Tuesday, November 25, 2014

Jonathan Cohn at TNR on Ferguson

  Worth a read, it seems to me.   (via Lawyers, Guns, and Money)
   My poorly-informed view from afar is that Wilson's account sounds more consistent with the physical evidence than alternate accounts that make Wilson a murderer...but I've wondered whether there might be enough contrary evidence that the grand jury should have indicted and let a trial jury sort it out.
   Sadly, I'm too ignorant of the law to deserve an opinion on this. If anybody can point me to anything helpful, I'd appreciate it.


Blogger tehr0x0r said...

Any civilian in a similar circumstance would have been indicted (see George Zimmerman, admittedly not the best example, cause that dude turned out to be crazy, but its recent and the circumstances are similar). My take (although admittedly I spent 99% of my time in civil, rather than criminal litigation) is that the facts wouldn't have supported a conviction. That said, grand juries always, and I do mean always indict. This Washington Post article sums this stat up nicely.


What this indicates to me is that:

1 - in America we have a major cop worship complex, we just don't hold them accountable.

2 - The DA didn't press hard for an indictment. In fact, the fact that Officer Wilson was allowed to testify indicates that the DA wanted to have this no billed. You have no right to testify at a grand jury proceeding (and often don't even get informed that a grand jury is considering charging you). In a grand jury there is no judge, the prosecutor runs the show, he or she wants to prosecute someone, so they tell a grand jury to let them, and with no opposing counsel, and no judge, they get what they want.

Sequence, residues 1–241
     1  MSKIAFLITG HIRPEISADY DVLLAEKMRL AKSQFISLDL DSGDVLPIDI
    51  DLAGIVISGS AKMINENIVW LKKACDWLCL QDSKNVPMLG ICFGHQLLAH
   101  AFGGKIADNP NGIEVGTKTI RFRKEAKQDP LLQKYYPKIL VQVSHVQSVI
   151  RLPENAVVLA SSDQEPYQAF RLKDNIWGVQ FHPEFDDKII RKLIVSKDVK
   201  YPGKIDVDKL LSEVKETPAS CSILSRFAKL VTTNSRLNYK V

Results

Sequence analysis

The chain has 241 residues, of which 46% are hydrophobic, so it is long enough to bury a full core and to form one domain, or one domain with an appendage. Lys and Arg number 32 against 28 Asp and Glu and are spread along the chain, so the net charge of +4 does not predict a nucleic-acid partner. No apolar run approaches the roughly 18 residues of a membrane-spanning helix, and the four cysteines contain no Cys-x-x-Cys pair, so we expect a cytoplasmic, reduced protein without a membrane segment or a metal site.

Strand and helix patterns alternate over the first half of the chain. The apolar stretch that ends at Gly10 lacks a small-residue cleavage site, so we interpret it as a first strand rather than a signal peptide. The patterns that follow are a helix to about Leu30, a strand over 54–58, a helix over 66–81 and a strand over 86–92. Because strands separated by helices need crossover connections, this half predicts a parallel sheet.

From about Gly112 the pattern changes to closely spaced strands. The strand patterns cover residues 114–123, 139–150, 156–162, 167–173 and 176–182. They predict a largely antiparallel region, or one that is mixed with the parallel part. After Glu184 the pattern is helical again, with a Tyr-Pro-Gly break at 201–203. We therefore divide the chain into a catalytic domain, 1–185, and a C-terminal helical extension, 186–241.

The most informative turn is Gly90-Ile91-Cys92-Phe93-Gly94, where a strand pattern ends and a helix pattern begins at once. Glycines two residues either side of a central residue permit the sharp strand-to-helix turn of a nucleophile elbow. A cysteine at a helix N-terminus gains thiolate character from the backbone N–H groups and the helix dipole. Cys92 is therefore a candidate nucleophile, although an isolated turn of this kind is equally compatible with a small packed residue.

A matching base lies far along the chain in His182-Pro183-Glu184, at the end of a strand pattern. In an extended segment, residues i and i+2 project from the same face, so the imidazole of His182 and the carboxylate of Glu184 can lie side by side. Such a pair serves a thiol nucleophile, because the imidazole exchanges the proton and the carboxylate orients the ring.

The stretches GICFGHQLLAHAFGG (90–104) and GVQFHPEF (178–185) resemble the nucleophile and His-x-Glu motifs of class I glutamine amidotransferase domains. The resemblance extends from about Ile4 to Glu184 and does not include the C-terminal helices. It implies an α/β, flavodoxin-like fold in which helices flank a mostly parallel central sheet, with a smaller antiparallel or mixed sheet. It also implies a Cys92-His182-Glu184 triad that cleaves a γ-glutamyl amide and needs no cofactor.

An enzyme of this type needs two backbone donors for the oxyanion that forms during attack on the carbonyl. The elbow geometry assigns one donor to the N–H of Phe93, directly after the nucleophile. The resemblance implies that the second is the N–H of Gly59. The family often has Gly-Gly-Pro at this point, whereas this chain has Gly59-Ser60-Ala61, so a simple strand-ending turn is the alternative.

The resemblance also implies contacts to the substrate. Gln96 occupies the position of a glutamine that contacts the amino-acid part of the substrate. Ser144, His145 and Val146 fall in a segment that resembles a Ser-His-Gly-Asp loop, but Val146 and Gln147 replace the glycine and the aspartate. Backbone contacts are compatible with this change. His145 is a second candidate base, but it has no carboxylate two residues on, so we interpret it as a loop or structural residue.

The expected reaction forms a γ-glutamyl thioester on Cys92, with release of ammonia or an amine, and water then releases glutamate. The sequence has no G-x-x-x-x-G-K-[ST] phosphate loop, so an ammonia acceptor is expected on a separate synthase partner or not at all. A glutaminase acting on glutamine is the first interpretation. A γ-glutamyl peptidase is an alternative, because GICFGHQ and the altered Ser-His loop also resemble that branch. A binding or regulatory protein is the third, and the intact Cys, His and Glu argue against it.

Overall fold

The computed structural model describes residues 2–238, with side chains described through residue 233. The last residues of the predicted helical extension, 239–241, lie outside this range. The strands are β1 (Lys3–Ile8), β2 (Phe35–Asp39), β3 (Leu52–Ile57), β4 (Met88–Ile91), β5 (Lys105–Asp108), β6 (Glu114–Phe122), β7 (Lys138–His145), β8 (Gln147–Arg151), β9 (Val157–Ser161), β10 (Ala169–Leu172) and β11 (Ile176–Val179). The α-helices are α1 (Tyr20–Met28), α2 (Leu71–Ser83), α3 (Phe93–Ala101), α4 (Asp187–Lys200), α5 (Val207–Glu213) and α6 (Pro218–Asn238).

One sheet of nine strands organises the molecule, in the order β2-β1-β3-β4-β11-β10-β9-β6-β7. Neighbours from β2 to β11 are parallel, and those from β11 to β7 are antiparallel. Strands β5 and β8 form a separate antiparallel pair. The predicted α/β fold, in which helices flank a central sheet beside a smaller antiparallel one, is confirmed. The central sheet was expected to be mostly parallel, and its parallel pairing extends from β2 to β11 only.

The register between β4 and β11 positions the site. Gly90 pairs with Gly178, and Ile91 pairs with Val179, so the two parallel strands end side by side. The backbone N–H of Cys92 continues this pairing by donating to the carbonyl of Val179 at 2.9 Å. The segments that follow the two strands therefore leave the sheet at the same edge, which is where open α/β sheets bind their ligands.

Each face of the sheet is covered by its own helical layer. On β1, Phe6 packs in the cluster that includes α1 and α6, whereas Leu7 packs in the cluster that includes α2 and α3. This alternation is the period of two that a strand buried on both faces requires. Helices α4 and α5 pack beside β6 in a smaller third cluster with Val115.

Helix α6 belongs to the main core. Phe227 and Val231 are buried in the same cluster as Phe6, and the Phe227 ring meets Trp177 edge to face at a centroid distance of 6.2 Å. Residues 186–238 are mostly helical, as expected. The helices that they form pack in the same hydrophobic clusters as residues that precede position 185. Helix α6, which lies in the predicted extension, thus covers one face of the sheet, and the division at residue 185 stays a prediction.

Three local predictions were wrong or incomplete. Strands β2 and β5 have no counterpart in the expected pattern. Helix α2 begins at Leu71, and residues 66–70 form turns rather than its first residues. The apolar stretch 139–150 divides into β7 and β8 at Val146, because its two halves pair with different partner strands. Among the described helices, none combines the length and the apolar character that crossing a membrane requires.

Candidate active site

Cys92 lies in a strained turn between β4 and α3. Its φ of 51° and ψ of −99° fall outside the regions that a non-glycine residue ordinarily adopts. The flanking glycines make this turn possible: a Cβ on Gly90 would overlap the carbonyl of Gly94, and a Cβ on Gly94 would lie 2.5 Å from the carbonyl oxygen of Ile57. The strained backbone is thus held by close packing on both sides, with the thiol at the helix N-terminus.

3 - This entire case was a disaster. The public, based on early reports, which turned out to be wildly inaccurate, decided that Officer Wilson shot Mr. Brown in cold blood because he was black. The police then bungled the release of info on the situation and the Governor was beyond clueless in the response. Finally, the DA apparently deciding that looting was a good thing, waited 8 hours to announce the result, apparently wanting to wait until night had fallen and it would be harder to stop violence.

Anyway, given the way the case was presented, as indicated in the New Republic article, there was no way he was going to be charged. Although I think the grand jury system is rigged against defendants, and that this is the sort of result that should normally happen, that's not how the system works. So, to your musing that there was enough to go to a real trial, you bet there was, but between the cop worship and the disinterested DA, there was no way it was going to happen, and really, that special treatment for a police officer should worry us all.

9:24 PM  
Blogger Winston Smith said...

Well that's just great.

2 I mean.

I already basically knew about 1 and 3... But 2... And the combination...

Damn I am rapidly losing respect for the legal system...

7:24 AM  
Blogger tehr0x0r said...

The grand jury system is a joke, historically grand juries were an investigative body, but today they are just cover for prosecutors to go after people and say that there was probable cause. In fact, I believe the United States is the only country in the world that continues to use them, most countries now have all preliminary probable cause issues handled by judges. We act as if the system is a protection of the rights of citizens, and it once was, but today no more.

That said, take faith in the fact that even if the grand jury system is FUBAR, the general criminal trial system works.

6:21 PM  

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